To test the relationship between ambient temperature and personality, we conducted two large-scale studies within two geographically large yet culturally distinct countries: China and the United States. Using data from 59 Chinese cities (N = 5,587), machine learning and multilevel analyses revealed that individuals who grew up in areas with milder temperatures (i.e., closer to 22 °C) scored higher on personality factors related to socialization/stability (agreeableness, conscientiousness, emotional stability) and personal growth/plasticity (extraversion, openness to experience). These same relationships between temperature clemency and personality factors were replicated in a larger dataset of 12,499 ZIP-code level locations (the lowest geographic level feasible) within the United States (N = 1,660,638).

That is from Wenqi Wei,, via Kevin Lewis.

How much do colleges boost innovation?

Yes, yes, I know patents are not the right measure, that is what we’ve got:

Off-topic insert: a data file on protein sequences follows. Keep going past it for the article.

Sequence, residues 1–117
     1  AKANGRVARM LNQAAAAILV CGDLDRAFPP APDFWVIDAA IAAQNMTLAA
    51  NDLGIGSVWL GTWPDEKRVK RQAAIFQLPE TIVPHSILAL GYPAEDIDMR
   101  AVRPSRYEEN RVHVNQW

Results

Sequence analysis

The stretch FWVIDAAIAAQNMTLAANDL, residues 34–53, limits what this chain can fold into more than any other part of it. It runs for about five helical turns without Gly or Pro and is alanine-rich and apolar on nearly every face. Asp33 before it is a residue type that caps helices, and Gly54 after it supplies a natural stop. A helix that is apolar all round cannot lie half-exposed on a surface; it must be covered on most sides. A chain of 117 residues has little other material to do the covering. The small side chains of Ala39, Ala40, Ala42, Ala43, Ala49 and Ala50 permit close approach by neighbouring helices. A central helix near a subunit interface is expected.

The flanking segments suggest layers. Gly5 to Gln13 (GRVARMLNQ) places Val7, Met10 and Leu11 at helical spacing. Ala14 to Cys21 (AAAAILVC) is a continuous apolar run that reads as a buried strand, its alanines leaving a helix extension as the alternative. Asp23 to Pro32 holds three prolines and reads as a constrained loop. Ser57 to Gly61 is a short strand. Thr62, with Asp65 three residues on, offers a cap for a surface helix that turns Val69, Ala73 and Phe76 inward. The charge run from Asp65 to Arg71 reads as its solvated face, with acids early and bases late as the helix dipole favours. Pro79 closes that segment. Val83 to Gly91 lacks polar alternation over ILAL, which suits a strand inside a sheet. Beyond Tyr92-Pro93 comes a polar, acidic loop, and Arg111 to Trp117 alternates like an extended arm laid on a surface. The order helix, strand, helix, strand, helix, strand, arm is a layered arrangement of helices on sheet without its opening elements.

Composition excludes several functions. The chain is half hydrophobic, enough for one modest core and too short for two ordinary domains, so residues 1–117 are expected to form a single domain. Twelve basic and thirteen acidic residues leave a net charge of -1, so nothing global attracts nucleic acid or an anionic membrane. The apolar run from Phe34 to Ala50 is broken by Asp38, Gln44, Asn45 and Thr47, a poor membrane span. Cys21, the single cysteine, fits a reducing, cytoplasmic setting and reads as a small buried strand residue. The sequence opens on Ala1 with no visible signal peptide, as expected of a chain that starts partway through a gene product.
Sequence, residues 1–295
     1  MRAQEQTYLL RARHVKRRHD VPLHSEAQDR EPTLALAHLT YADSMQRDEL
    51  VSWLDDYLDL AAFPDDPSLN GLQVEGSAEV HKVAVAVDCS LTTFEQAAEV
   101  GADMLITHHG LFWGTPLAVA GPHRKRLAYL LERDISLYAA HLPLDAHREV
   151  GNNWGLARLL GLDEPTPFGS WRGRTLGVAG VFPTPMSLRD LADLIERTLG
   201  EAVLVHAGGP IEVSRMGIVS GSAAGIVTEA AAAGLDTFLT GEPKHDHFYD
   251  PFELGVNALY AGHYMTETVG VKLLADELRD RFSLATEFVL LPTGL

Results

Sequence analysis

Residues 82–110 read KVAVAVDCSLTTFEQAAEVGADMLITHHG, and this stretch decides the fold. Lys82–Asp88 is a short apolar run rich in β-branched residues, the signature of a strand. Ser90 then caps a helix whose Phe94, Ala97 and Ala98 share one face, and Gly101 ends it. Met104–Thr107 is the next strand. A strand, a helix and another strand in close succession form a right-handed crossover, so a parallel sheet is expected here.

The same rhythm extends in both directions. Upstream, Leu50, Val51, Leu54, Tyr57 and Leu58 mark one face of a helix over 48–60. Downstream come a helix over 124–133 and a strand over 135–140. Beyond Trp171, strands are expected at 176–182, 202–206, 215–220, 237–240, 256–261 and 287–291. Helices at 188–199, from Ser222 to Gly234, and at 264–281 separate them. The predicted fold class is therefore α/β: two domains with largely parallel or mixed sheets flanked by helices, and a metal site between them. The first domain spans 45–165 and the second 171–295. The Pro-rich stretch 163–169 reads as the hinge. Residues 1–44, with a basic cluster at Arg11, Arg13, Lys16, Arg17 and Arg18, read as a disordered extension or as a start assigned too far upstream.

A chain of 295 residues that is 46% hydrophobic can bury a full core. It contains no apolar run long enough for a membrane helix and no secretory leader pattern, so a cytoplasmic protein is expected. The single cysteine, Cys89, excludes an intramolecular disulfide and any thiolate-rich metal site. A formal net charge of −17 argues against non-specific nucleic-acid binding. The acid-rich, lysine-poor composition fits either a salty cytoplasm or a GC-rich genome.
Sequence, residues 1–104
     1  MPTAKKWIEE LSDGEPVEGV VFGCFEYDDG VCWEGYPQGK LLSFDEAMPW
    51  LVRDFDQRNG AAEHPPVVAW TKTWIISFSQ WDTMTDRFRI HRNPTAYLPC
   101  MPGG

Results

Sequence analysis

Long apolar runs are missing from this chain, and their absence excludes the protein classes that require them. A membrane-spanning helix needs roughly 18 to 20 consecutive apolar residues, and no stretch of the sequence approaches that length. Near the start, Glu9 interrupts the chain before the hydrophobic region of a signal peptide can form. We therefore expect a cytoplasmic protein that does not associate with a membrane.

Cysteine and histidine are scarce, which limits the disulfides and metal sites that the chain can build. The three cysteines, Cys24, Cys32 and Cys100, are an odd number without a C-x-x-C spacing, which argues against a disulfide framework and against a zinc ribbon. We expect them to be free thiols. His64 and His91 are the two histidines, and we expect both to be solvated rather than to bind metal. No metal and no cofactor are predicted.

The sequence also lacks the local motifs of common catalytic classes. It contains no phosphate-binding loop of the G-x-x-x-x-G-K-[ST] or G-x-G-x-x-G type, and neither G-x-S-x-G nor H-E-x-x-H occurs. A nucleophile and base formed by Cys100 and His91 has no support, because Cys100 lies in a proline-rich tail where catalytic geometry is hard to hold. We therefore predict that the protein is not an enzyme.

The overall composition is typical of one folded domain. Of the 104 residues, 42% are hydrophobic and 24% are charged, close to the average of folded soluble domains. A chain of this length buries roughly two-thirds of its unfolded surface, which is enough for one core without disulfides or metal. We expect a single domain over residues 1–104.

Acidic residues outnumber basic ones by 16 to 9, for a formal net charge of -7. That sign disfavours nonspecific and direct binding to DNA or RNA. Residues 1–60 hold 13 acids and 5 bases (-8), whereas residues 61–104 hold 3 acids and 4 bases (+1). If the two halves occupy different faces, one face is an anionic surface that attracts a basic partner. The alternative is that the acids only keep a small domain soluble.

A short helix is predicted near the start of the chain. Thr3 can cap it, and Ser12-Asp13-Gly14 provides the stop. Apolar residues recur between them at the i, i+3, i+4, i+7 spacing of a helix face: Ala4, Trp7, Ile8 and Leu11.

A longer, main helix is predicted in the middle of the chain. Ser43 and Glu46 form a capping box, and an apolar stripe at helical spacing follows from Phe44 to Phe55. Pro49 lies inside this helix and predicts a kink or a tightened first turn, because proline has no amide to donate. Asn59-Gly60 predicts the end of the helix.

I exploit historical natural experiments to study how establishing a new college affects local invention. Throughout the nineteenth to the mid-twentieth century, many new colleges were established in the U.S. I use data on the site selection decisions for a subset of these colleges to identify “losing finalist” locations that were strongly considered to become the site of a new college but were ultimately not chosen for reasons that are as good as random assignment. The losing finalists are similar to the winning college counties along observable dimensions. Using the losing finalists as counterfactuals, I find that the establishment of a new college caused 32% more patents per year in college counties relative to the losing finalists. To determine the channels by which colleges increase patenting, I use a novel dataset of college yearbooks and individual-level census data to learn who the additional patents in college counties come from. A college’s alumni account for about 10% of the additional patents, while faculty account for less than 1%. Knowledge spillovers to individuals unaffiliated with the college also account for less than 1% of the additional patents. Migration is the most important channel by which colleges affect local invention, as controlling for county population accounts for 20-40% of the increase in patenting in college counties relative to the losing finalists. The presence of geographic spillovers suggests that colleges do cause an overall net increase in patenting, although I find no evidence that colleges are better at promoting invention than other policies that lead to similar increases in population.